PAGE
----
London’s hospitals are two weeks away from being overwhelmed by coronavirus cases, according to a leaked NHS England briefing obtained by the Health Service Journal, a story which lays bare the real challenge created by the novel coronavirus.
As Ailbhe explains well, the big lie at the heart of the United Kingdom’s lockdown debate was always that you could choose between lockdown or no lockdown: ultimately the challenge created by the pandemic is that a high enough outbreak means the suspension of modern medicine as we know it, and with it the economic and social consequences of both Covid-19 and of countless otherwise treatable injuries and ailments.
Minimising the risk of coronavirus patients infecting other patients is a key part of preventing the nightmare of hospitals become infection centres themselves – and one genuine success of the United Kingdom’s response to the pandemic is that thus far this has been avoided. This need to minimise infection risk means that one coronavirus patient takes up much more NHS capacity than a normal sick patient would, further increasing the pressures on the health service.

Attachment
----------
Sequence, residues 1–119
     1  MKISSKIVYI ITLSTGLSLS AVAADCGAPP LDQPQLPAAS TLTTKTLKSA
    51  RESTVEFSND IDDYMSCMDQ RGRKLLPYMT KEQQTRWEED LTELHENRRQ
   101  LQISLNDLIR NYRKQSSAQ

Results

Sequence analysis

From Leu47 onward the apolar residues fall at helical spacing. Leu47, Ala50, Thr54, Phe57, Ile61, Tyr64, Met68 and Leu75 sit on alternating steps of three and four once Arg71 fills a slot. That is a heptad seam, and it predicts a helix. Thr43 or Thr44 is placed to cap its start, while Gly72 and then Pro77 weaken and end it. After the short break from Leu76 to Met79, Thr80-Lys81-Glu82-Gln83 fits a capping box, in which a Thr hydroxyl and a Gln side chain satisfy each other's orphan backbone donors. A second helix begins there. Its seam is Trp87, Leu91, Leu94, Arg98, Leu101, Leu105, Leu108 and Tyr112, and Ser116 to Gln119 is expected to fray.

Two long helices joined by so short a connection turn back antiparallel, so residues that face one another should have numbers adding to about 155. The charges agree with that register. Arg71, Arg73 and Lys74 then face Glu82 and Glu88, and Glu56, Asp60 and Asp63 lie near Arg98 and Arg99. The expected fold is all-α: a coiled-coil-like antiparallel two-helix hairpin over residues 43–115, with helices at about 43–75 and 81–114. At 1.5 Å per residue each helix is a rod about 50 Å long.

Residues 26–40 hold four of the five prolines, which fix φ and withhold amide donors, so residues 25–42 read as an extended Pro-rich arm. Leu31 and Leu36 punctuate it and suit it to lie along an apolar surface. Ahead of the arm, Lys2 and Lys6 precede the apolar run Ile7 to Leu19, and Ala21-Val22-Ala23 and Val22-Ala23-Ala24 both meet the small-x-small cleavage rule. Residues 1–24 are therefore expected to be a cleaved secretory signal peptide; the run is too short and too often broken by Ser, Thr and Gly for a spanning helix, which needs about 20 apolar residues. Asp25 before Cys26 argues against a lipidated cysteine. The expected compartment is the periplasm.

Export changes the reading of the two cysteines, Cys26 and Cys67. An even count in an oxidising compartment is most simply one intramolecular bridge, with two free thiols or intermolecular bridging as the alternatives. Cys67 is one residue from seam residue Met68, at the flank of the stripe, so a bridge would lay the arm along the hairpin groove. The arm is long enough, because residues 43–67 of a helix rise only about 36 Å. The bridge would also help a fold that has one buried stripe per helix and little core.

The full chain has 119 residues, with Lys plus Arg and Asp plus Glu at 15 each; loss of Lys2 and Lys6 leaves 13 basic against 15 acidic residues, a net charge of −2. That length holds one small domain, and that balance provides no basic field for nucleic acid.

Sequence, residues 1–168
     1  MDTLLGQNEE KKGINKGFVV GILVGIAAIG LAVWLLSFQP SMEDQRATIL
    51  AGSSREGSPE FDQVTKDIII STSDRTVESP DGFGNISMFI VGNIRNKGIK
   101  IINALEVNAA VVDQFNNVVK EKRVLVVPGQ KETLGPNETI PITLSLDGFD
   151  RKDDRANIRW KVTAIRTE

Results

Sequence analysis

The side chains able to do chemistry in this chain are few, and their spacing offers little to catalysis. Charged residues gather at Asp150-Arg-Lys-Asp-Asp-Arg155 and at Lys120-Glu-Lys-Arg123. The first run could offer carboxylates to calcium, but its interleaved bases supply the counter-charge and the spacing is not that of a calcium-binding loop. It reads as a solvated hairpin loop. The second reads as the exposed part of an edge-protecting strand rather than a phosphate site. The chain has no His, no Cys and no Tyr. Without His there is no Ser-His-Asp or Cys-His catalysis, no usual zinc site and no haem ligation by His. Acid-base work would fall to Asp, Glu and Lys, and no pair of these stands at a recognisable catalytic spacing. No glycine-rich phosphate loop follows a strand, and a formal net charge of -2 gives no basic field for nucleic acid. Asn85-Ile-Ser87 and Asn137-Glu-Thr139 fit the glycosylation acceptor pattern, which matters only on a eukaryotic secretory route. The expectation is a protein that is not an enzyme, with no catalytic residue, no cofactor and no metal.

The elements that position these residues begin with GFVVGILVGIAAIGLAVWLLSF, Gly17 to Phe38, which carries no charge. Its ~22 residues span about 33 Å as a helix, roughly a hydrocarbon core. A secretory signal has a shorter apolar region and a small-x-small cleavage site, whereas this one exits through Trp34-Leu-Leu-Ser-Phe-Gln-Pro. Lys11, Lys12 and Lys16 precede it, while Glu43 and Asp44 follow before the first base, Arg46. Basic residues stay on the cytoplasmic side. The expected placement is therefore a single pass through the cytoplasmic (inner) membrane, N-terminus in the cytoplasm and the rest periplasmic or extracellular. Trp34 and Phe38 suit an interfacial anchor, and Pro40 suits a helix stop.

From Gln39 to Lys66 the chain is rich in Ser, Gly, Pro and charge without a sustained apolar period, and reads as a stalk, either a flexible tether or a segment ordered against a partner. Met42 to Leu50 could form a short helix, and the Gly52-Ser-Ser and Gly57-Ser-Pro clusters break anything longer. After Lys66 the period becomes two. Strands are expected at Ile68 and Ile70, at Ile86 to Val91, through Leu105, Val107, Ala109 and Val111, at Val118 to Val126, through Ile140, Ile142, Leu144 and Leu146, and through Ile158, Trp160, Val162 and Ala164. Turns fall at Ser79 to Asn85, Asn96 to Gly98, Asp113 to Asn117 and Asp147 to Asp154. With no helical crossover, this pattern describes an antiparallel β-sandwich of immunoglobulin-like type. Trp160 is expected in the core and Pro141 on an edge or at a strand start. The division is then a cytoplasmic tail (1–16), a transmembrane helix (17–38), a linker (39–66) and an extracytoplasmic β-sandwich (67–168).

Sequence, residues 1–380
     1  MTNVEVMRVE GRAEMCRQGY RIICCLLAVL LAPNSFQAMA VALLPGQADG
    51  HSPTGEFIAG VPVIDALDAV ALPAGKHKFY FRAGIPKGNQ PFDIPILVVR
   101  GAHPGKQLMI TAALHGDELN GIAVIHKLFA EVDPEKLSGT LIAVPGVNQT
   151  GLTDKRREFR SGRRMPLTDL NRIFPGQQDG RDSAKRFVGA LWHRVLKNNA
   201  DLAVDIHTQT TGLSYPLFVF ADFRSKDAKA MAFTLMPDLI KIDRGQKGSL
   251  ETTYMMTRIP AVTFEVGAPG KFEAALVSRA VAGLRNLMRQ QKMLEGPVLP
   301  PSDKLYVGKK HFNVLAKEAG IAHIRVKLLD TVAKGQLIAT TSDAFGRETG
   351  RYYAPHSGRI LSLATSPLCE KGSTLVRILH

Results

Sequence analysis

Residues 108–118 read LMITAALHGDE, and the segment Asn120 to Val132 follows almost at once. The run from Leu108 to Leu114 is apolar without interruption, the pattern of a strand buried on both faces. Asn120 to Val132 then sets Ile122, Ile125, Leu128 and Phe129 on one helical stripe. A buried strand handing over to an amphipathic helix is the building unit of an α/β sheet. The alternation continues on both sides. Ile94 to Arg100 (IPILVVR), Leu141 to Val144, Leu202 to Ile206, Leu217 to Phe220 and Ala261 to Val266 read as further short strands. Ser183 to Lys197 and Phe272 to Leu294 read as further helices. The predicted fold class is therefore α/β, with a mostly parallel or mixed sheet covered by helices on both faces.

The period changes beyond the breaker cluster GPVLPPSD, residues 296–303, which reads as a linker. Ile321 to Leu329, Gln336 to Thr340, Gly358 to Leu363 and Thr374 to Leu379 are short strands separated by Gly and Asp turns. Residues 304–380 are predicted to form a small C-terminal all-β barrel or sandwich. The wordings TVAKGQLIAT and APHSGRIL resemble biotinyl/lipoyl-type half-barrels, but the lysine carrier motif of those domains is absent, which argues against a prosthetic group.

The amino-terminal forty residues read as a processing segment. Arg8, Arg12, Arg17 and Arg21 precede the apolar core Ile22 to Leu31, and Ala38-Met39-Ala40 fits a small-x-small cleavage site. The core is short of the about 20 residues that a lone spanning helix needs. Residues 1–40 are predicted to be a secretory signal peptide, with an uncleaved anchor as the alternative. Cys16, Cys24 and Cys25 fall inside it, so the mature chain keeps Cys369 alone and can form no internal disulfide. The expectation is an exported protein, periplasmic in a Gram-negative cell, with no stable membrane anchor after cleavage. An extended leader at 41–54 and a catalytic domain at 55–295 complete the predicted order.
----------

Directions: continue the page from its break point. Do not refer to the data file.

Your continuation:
London’s struggles now are a direct consequence of the decision to keep the capital open – in order to boost the country’s economy – and run its healthcare capacity as hot as possible. But they also preview the challenges that could be faced elsewhere if England’s third lockdown does not prove tight enough to control the spread of infections, or if the vaccine rollout doesn’t proceed at the speed required to reduce the number of cases requiring hospitalisation.